Could Yoga be the ultimate cure-all?
Those downward dogs and sun salutations could be keeping you even healthier than you thought.
The consensus on yoga is, of course, that it’s good for you. Its benefits are at least as healthful as those of other exercise. It might even have a few more favourable results than, say, running or that barre class: Flexibility and improved alignment are considered among the perks of performing regular sun salutations and downward dogs; so is reduced inflammation, which some studies show can help stave off disease.
But devout yogis have been bandying about much bigger assertions for years. Beyond claims of lower stress levels and more limber bodies are arguments for yoga as the ultimate cure-all. Could the right combination of poses serve as a medicine-free way to address everything from insomnia and stress to diabetes and chronic pain?
Last month, the Four Seasons Maldives at Landaa Giraavaru announced its new Landaa Yoga Therapy Centre – a facility that claims just that – specializing in customised programs aimed at mitigating the symptoms of ailments as serious as thyroid disease and even certain types of cancer.
The three- to six-day retreats – which have been developed by Dr. Umesh of the Svyasa Yoga University in India – include one-on-one sessions with experts to create breathing techniques and postures designed for particular ailments, injuries, or intentions.
The theory behind the program is that the right sequence of movements, performed according to one’s own abilities, can lead to psychological, and ultimately physiological, breakthroughs.
The Four Seasons’ centre is just the latest to tout the profound medical benefits of yoga. Isha Yoga near Coimbatore, India, promises “inner engineering” with its integrative approach combining traditional medicine, Ayurveda, and yoga.
Darrin Zeer, who runs a practice called 420 Yoga Retreats, works with clients both individually and in groups to help them alleviate physical, mental, and emotional challenges through a series of pranayama (yogic breathing techniques), gentle asana (yoga postures), and cannabis. And Alena Gerst, who offers therapeutic yoga in New York City hospitals, helps clients with chronic pain overcome their symptoms without the use of medication.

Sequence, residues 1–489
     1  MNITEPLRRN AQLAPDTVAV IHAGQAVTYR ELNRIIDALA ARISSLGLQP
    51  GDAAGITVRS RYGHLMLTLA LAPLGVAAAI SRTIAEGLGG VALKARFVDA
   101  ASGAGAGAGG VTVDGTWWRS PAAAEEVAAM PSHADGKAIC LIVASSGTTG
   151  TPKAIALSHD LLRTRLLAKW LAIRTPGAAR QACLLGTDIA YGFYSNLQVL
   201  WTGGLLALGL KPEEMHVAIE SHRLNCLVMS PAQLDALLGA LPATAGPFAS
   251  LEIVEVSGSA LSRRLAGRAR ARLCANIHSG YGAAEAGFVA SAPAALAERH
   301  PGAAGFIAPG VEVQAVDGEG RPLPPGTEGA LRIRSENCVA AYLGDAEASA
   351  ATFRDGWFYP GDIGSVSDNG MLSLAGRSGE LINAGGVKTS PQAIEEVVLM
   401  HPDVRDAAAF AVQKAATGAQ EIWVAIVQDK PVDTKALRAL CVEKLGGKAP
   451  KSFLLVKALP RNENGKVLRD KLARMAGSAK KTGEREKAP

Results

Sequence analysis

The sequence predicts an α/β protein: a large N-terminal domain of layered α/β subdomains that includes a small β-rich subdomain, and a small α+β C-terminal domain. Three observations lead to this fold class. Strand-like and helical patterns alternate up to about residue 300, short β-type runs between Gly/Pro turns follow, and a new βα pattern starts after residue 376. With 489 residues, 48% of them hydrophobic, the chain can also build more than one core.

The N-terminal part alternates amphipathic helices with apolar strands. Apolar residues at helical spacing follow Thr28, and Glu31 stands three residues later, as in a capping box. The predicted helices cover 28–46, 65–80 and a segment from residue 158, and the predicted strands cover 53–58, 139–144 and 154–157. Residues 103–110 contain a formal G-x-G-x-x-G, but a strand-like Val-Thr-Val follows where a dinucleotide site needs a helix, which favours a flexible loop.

“When we utilise yoga, movement, breath, and present-moment awareness, our minds must choose to focus on either negative thoughts or the sensation experience of the exercise,” says Gerst.
By focusing on sensation awareness, people experience the present moment in real-time, thereby actively changing neural pathways in the brain, without drugs. (Gerst does not advocate anyone to alter their medication without the approval of their physician.)
Robbie Norris, a yoga therapist at Richmond City Yoga, echoes this sentiment, recommending tailored Ashtanga routines to address various medical conditions, including those that result in chronic pain. “Even though Ashtanga is very specific, there’s plenty of latitude, as anything is infinitely modifiable,” Norris says of Ashtanga.
Norris works with patients like Brenda Bailey, who first sought the instructor out to address a potentially volatile situation. Diagnosed with osteoarthritis and polymyalgia rheumatica, she had tried a number of strong medications – including the addictive steroid prednisone – only to find the side effects more taxing than the pain-management benefits.
“I took these medications for a year and realised that I really needed to get off them,” Bailey says. A tailored Ashtanga regimen ultimately weaned her off – and made the difference in her pain.
Now in her 80s, Bailey is completely off traditional medicine, and practices Ashtanga three times a week. She has never been more limber. “The postures made a huge difference to my body.”
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